Lying and deception are distinct activities. If they are permissible, then they are permissible for at least one of two  reasons: whether or not we have the right to know something and whether or not we can weigh knowledge against life. Deception may be permissible, but further investigation is required.

Deception is an activity that includes lying, but does not require that we say anything we know to be false. Deception is simply an act that intends to mislead someone else about the truth. Some deceptive activities are not even spoken or written. Lying intends to mislead someone else about the truth and it also claims something that we know is false. For example, consider a situation in which you are asked to clean the kitchen. You go to the kitchen and notice that it is clean. So you tell the person that asked you to clean that the kitchen is clean. You know that he will believe you cleaned the kitchen. That is why you said what you did. You deceived him, but you did not lie.

There are two possible justifications for deception. The first justification is that there is some kind of right that gives you either a duty or permission to deceive. Such a right would have to be right to prevent others from knowing the truth about something. That right could only exist if there were some good that the right was protecting. For example, right to free speech protects speech because it leads to truth. So a right to deceive would have to protect some kind of good. The one most commonly used is the right to life. If us telling the truth will lead another to death, then we have the right to prevent the truth from being known. Therefore, this justification collapses into the second justification.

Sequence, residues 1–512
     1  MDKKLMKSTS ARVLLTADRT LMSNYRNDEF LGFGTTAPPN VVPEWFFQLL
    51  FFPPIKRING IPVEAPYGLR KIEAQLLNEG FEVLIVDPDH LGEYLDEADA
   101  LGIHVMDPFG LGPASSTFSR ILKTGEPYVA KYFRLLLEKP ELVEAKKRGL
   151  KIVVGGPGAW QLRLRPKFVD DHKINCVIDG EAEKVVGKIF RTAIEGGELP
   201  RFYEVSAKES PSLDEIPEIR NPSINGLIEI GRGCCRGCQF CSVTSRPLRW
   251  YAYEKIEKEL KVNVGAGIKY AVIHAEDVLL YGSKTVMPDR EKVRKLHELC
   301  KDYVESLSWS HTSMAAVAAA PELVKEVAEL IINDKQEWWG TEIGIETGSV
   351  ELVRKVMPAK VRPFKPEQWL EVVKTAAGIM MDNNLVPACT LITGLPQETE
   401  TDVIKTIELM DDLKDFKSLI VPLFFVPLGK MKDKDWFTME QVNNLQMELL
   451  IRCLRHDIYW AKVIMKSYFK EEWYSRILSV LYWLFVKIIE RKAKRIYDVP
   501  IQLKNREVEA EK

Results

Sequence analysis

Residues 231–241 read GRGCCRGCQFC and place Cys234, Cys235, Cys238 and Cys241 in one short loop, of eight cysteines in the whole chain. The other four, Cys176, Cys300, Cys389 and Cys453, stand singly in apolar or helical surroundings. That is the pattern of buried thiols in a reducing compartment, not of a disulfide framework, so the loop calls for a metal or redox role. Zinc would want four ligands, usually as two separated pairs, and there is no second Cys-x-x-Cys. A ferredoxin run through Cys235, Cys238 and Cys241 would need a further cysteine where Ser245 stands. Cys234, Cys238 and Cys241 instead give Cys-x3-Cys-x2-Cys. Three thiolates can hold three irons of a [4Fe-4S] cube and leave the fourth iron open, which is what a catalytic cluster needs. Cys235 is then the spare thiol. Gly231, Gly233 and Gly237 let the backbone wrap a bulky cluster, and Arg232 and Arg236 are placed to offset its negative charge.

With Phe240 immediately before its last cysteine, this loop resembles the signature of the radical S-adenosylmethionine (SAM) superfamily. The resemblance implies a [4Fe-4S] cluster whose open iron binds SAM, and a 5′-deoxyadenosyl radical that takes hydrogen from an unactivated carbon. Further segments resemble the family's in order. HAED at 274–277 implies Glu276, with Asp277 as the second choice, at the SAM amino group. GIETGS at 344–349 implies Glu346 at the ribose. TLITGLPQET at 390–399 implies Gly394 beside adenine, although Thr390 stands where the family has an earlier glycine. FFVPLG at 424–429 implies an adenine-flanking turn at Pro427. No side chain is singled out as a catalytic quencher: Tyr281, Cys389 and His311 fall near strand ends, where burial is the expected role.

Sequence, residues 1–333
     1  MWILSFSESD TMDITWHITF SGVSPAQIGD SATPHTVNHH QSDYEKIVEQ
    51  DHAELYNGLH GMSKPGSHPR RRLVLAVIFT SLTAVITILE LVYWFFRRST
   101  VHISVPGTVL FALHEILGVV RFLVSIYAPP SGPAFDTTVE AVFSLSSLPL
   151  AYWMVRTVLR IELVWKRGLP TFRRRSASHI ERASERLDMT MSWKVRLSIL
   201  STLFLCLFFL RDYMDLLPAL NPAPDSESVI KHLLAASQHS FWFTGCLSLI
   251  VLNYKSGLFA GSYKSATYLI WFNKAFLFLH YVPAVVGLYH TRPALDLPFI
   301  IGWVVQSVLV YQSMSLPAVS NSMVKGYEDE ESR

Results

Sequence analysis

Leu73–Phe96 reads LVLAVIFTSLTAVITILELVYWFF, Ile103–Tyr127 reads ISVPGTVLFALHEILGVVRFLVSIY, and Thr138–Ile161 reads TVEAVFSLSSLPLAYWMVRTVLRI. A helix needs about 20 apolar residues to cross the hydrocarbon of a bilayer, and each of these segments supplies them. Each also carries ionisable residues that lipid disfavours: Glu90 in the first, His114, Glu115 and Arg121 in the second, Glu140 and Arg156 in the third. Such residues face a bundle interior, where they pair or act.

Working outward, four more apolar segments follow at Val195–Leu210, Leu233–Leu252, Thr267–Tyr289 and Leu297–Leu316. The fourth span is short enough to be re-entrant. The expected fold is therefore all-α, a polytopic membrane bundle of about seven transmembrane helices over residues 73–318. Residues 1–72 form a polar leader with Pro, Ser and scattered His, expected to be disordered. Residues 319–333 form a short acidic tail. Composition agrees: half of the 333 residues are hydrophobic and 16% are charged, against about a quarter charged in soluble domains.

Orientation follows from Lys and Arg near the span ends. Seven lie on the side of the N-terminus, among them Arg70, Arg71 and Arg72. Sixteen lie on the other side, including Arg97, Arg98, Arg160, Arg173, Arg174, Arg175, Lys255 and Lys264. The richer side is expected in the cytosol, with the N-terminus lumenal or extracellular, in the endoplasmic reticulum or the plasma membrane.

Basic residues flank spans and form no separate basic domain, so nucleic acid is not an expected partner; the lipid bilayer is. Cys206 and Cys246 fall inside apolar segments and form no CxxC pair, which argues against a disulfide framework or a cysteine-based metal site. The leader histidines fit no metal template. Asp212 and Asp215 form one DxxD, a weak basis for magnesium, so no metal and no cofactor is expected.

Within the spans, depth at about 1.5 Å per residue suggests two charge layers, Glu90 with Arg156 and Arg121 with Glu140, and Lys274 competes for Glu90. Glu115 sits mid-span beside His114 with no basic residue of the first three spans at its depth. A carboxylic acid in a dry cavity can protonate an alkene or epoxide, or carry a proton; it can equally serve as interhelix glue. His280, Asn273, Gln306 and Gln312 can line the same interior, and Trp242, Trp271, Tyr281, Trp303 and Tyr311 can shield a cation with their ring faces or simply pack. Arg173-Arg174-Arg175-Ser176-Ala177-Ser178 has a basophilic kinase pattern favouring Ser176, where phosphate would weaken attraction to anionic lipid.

The second justification is that of life. Deception is permissible to save someone’s life. If deception is not permissible for this reason, then it is never permissible. Philosophers have decided this issue in a number of ways. Some have said that deception was permissible but lying is not. Others have claimed that lying is permissible too. Still others believe that deception of any kind is always wrong.

If deception is permissible, then the right to deceive must exist alongside the right to free speech. The right to free speech exists because of the value of knowledge. So speech that is contrary to knowledge automatically works against the right to free speech. Now if the speech we say is true, but deceptive then the speech does not itself work against the right to free speech. In the particular context, that speech is in fact contrary to knowledge, even though the speech itself is not contrary to knowledge. But knowledge is always known by people. The right to free speech and the good of knowledge cannot be contrary to life either. In fact, they depend on it. So it seems plausible to claim that it is sometimes permissible to deceive. Further investigation of these claims is necessary to be sure though.

Next, I will discuss using speech to harm.

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